How to Use Twitter to Grow Your Business

2 Minutes Read

If you’re not currently using Twitter to grow and promote your business, it’s a safe bet your competitors are—and that’s reason enough to start tweeting today.

Get started by signing up and making a Twitter profile for yourself. Create a fun and informative description of your business, with a link to your company website. Your Twitter bio can be a variation on your elevator pitch—short, to the point, and intriguing to prospective customers. Be sure to upload a photo so people can attach a face to your username.

Next up, start following people you know and trust, then branch out to include your employees, loyal customers and others in your industry. In most cases, the people you choose to follow will you follow you back.

What can you tweet about in 140 characters or less? Plenty! A good starting place is simply sharing links to news of value to your followers—an emerging industry trend, the results of a new customer survey, etc. Tweet about upcoming special events, a limited-time discount on your product or service, or “expert tips” that help make your customers’ lives easier. Another popular strategy is retweeting messages from others on your list. This way, you become known as someone who shares relevant information, not just gossip or random thoughts about life in general. (Lots of other people have that last activity covered.)

Here, courtesy of Ana Ottman at, is a glossary of Twitter lexicon:

  • @ Sign – Used to indicate a username. When you put an @ before a username, it links to that Twitter profile.
  • Direct Message (DM) – These are private tweets between the sender and recipient.
  • Hashtag (#) – This symbol is used for keywords or topics in a tweet.
  • Mention – A mention is including another user in a tweet by using the @ sign followed by the username.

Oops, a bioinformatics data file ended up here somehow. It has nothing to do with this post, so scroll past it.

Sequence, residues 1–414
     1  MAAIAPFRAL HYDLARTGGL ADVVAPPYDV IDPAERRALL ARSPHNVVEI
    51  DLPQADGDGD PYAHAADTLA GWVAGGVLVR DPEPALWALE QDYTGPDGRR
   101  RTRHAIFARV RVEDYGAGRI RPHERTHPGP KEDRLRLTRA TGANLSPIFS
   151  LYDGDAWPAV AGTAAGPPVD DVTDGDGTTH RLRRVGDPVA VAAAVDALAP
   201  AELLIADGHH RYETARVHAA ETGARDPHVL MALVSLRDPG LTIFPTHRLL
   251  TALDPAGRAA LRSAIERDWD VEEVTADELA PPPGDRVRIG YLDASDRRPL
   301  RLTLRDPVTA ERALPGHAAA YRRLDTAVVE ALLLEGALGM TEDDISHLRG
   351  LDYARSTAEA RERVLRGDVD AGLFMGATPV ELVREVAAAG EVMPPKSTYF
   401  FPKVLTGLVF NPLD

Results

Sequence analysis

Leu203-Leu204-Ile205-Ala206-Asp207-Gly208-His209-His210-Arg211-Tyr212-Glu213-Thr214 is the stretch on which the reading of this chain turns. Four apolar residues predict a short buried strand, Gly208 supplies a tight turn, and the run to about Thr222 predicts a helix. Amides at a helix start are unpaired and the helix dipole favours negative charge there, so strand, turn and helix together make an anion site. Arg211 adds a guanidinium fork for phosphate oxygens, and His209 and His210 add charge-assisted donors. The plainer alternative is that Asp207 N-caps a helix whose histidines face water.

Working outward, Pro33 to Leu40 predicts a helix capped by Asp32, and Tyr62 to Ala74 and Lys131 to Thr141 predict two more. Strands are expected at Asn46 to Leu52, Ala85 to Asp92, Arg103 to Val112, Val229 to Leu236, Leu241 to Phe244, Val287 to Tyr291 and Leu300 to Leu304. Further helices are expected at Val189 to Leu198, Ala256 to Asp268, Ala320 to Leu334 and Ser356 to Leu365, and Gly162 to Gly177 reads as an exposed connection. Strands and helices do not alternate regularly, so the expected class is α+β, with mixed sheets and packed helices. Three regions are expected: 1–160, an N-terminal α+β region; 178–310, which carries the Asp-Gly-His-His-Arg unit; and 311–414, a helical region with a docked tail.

• Modified Tweet (MT) – Use this symbol before someone else’s tweet that you’ve changed.
  • Retweet (RT) – This forwards a copy of someone else’s tweet to your followers.
  • Tweet – A message posted on Twitter that is 140 characters or less.

Once you’re actively involved on Twitter, be sure to let everyone know. Your Twitter handle should appear prominently on your website and in various marketing materials, so prospective customers (who happen to be avid Twitter fans) can easily find and follow your business.

Becoming part of a community

You need to commit to Twitter, just as you do to other marketing activities for your small business. This means carving out time every day to listen to what others are talking about, offer your own comments and share what you learn with your followers. Just keep in mind that Twitter isn’t all about you and what you’re selling. It’s about becoming part of a community of like-minded people who want to share knowledge about topics of mutual interest.

Twitter is also a great method for monitoring customer perceptions of your business. When people have a bad customer experience, they don’t hesitate to share what happened with their followers. If that bad experience involves your business, a prompt and sympathetic reply can save that customer and head off a negative perception among people who up to now know nothing about your business. In many cases, an apology and offer to correct a problem is all a dissatisfied customer wants. If you handle the situation properly, that customer may well end up tweeting about your “fantastic” follow-up service.

Twitter isn’t the place to expect a quick return on investment. Entrepreneurs, business owners and others who go there with the goal to build a reputation for expertise and nurture long-term relationships will find benefit and value for their time.

We invite you to join other entrepreneurs, CEOs,  and senior-level executives in a confidential group setting where you’ll be challenged and rewarded like never before in your professional life. Learn more about becoming a Catapult Group member today.

Brad Mishlove